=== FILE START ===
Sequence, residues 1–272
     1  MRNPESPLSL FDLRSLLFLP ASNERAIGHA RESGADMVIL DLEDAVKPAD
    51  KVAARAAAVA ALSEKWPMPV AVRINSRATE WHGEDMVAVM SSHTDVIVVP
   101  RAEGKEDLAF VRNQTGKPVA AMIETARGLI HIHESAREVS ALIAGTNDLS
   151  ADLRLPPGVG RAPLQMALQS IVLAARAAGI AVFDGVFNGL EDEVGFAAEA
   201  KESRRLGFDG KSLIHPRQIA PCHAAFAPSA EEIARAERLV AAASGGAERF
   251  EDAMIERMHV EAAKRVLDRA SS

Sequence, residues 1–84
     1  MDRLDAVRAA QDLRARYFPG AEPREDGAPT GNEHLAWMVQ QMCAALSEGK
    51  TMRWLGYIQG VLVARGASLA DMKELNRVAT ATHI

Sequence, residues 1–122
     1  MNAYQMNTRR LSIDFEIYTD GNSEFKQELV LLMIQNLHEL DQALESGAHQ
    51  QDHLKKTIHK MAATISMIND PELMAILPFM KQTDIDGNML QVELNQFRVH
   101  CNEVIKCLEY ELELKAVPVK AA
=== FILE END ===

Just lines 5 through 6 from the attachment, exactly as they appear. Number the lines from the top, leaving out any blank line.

   151  ADLRLPPGVG RAPLQMALQS IVLAARAAGI AVFDGVFNGL EDEVGFAAEA
   201  KESRRLGFDG KSLIHPRQIA PCHAAFAPSA EEIARAERLV AAASGGAERF